Northern Colorado cares about supporting people Celebrate achievement. Train for a career with scholarship support. Empower young girls to be themselves. Connect children, youth and families experiencing mental-health and substance-abuse issues to helpful resources. Stay a step ahead of cancer by getting screened.
These are all messages reverberating through the northern Colorado community, which reflect its giving, caring spirit. Read on to learn more.
Fort Collins student named Distinguished Young Woman of Colorado
Kate Fitzgerald, a Rocky Mountain High School student, has been named Distinguished Young Woman of Colorado for 2017. Young women across the nation participate in interviews, fitness, self expression, talent and scholastics resulting in scholarships for furthering their education. Fitzgerald was named the overall winner and placed first in the categories of fitness, and interviews, and talent, resulting in $1,750 in college scholarships.
Fitzgerald is a member of the National Honor Society, student council, peer counselors and DECA/FBLA. She hopes to attend the University of California–San Diego to study marine biology after graduation. She will join representatives from all 50 states this June in Mobile, Alabama, to participate in personal development activities and community service projects before competing for the opportunity to become the 2017 Distinguished Young Woman of America (previously known as America’s Junior Miss) and for additional cash scholarships.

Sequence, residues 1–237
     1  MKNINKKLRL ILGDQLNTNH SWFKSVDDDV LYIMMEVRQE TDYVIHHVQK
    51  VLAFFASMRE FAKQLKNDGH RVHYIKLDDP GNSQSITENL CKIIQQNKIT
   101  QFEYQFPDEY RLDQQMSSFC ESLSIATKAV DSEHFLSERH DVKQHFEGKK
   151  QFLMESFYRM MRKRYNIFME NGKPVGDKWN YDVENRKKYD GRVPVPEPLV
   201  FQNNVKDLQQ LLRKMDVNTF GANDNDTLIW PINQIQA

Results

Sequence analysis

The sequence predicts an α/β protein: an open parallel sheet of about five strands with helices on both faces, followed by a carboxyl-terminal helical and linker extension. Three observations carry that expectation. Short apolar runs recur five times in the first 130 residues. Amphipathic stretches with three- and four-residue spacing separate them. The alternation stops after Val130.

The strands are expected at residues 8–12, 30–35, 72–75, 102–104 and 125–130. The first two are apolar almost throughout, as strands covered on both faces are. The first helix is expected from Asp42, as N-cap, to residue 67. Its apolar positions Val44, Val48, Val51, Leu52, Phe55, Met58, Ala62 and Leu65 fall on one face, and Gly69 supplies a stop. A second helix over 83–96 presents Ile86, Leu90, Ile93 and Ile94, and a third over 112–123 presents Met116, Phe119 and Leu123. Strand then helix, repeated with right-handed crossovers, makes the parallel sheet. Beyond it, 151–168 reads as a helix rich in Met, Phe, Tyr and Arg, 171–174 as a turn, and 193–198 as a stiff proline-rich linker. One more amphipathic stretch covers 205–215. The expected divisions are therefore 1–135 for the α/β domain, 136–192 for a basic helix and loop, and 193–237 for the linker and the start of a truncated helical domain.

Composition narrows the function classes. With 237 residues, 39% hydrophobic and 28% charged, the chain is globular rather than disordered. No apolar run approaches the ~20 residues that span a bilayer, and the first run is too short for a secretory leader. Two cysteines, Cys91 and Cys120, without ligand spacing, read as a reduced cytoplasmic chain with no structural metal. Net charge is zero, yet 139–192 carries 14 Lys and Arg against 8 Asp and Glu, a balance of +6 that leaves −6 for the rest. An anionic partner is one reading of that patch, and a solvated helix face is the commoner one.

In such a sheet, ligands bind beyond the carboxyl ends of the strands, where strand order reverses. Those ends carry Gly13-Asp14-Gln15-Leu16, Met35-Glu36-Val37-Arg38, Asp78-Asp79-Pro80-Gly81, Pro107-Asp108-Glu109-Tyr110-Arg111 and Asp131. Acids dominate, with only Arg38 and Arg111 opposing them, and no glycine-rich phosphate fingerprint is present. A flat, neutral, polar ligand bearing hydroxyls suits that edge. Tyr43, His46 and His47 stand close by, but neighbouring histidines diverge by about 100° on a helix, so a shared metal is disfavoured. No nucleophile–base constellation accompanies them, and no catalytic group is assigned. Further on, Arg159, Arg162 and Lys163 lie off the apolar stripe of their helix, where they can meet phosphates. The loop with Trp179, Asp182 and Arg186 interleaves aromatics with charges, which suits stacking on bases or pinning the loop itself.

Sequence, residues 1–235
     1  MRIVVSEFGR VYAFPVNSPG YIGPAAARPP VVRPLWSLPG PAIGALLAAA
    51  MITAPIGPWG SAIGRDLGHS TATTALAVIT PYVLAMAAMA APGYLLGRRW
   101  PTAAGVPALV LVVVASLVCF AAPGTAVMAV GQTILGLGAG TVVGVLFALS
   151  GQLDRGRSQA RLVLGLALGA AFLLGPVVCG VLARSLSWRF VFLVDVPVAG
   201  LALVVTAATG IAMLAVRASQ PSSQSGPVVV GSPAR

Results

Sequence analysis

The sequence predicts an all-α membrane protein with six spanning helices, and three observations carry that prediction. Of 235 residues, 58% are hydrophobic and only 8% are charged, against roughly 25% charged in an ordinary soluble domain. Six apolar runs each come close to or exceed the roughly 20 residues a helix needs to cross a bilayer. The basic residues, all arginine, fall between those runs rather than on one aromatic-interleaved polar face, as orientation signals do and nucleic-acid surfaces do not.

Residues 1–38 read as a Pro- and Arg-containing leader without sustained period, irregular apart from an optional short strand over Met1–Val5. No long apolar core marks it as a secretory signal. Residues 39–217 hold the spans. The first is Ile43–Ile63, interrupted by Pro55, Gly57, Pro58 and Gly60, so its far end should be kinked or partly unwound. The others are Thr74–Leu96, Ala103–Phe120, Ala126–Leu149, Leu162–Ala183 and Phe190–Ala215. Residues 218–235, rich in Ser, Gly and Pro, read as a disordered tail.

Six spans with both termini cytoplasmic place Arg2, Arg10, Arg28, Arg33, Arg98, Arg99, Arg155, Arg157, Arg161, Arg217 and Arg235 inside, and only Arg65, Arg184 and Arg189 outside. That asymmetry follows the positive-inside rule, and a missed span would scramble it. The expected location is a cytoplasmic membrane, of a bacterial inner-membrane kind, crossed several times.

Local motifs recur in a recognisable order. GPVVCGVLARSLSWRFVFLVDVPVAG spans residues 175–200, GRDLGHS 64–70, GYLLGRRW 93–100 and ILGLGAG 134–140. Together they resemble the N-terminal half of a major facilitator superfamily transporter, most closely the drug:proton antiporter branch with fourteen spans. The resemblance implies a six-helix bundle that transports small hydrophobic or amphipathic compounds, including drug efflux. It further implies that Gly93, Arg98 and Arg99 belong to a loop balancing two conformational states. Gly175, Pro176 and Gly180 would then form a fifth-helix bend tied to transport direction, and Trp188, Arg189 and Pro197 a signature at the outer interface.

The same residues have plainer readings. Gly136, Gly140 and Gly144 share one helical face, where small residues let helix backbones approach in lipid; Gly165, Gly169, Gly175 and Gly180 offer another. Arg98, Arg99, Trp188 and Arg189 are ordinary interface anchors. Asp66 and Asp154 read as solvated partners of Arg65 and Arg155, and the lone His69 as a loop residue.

McKee offers scholarships for medical pursuits
The McKee Scholarship Program is accepting applications for the 2017-2018 academic year for general medical education scholarships and Marge Schafer Nursing Scholarships. The program is open for students pursuing medical careers and who have a permanent address in the Thompson School District.
Ashley Kasprzak, McKee Medical Center Foundation fund development program specialist, says, "…the Foundation and the McKee Volunteer Leadership Council provide scholarships for students pursuing medical careers for multiple reasons. We want to foster a highly educated workforce that will consider working in healthcare in our region. Plus, we want to give back to community by supporting students. Healthcare offers a multitude of well-paying careers with high job satisfaction, yet it can take a great deal of resources to attain that career. The McKee Foundation wants to help defray some of the costs of higher education."
Applications are available online at www.mckeefoundation.com (click on Scholarships at the bottom of the page) and at the McKee Medical Center Foundation office. Completed applications must be emailed or submitted to the McKee Foundation by 5pm on March 10.
Empowering young women
Voices Carry Child Advocacy Center serving Larimer County is hosting a Young Empowered Women (YEW) program, a mentoring group that serves as a resource and network of support for girls ages 10 to 15. The group's goal is to empower young girls with their own potential to be leaders in their lives, as well as in their communities.
"The YEW encourages girls to seek and celebrate their 'true selves' by giving them a safe space, encouragement, structure and support to embrace their important journey of self-discovery," says Ana Pasini, Voices Carry bilingual family advocate and prevention facilitator. "A strength-based approach helps girls identify and apply their power and voice as individuals and as a group, focusing on issues that are important in the lives of adolescent girls."